Transformer 34 functions in known manner to step up the low voltage AC drive voltage received at the transformer primary 34a from the invertor to a high voltage AC at the transformer secondary 34b. The high voltage AC generated at the transformer secondary is delivered to rectifier 36.

Rectifier 36 includes a capacitor 48 and diode rectifiers 50 and 52. Capacitor 48 functions to couple the high voltage AC from the transformer secondary into the diode rectifier circuit. Capacitor 48 also functions to series resonate the transformer secondary so as to provide a clean sine wave for low EMI and maximum power transfer. Capacitor 48 further functions to limit the lamp current and functions in this respect as a reactive balance. Capacitor 48 further provides the necessary DC isolation for the diode rectifiers 50 and 52.

Convertor 28 further includes a resistor 54 and a capacitor 56 positioned between invertor 36 and the convertor output 28b. Resistor 54 functions to alter the line load of the neon tube 24 sufficiently to prevent relaxation oscillation from occurring due to the negative resistance characteristic of all neon lamps. Capacitor 56 functions to filter the rectifier output to provide a clean DC voltage.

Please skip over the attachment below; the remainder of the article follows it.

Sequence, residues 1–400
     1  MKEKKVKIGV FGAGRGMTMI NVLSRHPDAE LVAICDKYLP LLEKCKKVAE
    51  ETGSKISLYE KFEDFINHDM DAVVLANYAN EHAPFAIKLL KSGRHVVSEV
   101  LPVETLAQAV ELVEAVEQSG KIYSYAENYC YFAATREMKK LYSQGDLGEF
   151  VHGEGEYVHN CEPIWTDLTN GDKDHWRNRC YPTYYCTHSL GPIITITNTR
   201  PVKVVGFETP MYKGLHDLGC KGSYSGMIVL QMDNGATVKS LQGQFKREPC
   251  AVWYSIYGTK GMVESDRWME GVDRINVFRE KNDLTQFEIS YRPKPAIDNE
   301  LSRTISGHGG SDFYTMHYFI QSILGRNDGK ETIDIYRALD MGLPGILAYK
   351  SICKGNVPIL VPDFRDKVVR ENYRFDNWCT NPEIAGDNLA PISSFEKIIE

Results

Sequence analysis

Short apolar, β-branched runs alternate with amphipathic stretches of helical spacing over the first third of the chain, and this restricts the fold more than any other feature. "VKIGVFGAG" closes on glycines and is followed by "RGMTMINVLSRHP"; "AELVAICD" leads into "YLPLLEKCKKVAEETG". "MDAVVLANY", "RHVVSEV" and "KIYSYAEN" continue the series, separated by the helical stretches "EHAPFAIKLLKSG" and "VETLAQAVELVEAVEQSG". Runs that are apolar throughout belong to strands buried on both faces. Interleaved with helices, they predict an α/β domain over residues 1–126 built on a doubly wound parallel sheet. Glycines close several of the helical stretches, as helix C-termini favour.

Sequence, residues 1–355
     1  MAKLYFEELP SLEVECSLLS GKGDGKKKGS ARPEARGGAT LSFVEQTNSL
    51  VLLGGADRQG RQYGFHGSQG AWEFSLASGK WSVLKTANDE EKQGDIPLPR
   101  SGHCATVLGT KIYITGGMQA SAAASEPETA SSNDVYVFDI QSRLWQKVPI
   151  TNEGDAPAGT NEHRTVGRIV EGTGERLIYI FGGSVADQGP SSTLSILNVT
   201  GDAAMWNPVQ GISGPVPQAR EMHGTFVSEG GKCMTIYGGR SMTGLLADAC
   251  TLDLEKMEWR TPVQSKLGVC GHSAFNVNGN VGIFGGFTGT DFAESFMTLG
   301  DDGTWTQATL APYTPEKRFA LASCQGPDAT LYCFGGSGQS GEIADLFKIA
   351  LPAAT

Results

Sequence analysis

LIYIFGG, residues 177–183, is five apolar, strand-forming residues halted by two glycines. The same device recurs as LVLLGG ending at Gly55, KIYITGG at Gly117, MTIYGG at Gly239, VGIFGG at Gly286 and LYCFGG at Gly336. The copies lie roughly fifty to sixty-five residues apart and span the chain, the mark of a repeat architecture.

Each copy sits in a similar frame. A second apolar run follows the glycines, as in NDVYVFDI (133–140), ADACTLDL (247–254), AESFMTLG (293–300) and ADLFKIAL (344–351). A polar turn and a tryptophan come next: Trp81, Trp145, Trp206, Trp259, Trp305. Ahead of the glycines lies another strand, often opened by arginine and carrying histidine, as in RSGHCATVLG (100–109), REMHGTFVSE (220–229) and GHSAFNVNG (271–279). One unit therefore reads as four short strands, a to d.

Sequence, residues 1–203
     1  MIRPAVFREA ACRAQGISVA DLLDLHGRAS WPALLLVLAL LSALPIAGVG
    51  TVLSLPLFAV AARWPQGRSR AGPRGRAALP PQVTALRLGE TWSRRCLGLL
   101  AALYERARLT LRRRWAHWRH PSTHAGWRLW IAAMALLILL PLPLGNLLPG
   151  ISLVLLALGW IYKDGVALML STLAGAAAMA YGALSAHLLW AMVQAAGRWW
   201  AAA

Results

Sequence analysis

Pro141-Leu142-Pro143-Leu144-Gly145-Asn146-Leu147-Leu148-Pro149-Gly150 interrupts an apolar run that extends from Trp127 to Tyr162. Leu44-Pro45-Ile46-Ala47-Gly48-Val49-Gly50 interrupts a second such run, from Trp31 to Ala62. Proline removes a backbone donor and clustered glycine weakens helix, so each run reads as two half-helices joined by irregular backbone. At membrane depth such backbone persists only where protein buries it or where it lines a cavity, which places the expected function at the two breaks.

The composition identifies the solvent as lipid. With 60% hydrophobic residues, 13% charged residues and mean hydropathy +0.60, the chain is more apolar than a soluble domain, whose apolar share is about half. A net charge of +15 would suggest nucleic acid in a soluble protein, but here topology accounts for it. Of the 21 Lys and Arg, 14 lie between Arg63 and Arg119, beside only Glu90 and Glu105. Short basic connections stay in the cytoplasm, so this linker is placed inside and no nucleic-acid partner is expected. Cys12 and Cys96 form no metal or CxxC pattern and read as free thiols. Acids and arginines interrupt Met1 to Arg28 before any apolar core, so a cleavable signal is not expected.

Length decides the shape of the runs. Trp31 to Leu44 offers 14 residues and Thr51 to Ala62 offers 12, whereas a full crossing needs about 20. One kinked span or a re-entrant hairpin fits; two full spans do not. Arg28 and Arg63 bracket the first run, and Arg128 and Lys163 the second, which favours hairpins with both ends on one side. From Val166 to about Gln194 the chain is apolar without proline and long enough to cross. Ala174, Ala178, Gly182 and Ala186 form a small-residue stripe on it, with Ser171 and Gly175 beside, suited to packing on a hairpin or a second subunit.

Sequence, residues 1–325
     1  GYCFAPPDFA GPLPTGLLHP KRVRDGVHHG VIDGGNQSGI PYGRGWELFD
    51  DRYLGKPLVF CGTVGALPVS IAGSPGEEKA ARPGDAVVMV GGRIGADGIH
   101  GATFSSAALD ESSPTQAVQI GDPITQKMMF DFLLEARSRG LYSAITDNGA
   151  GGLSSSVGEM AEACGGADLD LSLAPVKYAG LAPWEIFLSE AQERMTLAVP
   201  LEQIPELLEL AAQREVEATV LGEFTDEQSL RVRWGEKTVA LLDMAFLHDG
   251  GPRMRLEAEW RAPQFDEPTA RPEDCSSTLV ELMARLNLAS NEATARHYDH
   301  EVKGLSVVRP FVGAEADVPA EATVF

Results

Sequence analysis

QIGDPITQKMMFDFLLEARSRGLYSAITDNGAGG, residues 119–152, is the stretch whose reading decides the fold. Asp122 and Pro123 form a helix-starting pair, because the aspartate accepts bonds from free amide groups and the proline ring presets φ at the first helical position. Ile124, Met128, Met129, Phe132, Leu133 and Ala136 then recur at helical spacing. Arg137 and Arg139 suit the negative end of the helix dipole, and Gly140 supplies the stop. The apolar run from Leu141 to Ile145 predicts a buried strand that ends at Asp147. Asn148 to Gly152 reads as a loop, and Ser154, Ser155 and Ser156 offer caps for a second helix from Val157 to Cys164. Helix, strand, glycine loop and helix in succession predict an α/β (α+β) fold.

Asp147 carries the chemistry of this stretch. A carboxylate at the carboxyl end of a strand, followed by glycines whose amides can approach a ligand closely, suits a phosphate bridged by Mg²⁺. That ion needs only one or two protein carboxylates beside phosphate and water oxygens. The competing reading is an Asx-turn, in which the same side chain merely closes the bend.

Convertor 28 includes further components positioned between the convertor input 28a and invertor 32 and functioning to protect the circuit from "load dump" transients and prevent line conducted EMI from radiating from the input power lines. A Zener diode 58 provides most of the load dump protection which can be as high as several hundred volts. The remaining transient is sensed by a transistor 60 and zener diode 62. If the transient exceeds 15 volts, this circuit will turn off a series switch transistor 64. Turning off of the transistor 64 literally turns off the supply voltage to the circuit for the duration of the load dump transient time. This transient time is typically 250 milliseconds. This action protects convertor 28 from generating excessive voltage and destroying the transformer due to arc over of its secondary winding. Operating transistor 64 in this ON/OFF mode, rather than a more common linear mode, allows use of a smaller transistor and elimination of a heat sink which would otherwise be required. Capacitors 66 and 68 are also provided to help reduce line conductive EMI. Resistors 70, 72 and 74 are included to provide biasing for transistor 60; an inductor 76 is included to provide EMI filtering; and a capacitor 78 is included to provide further EMI filtering.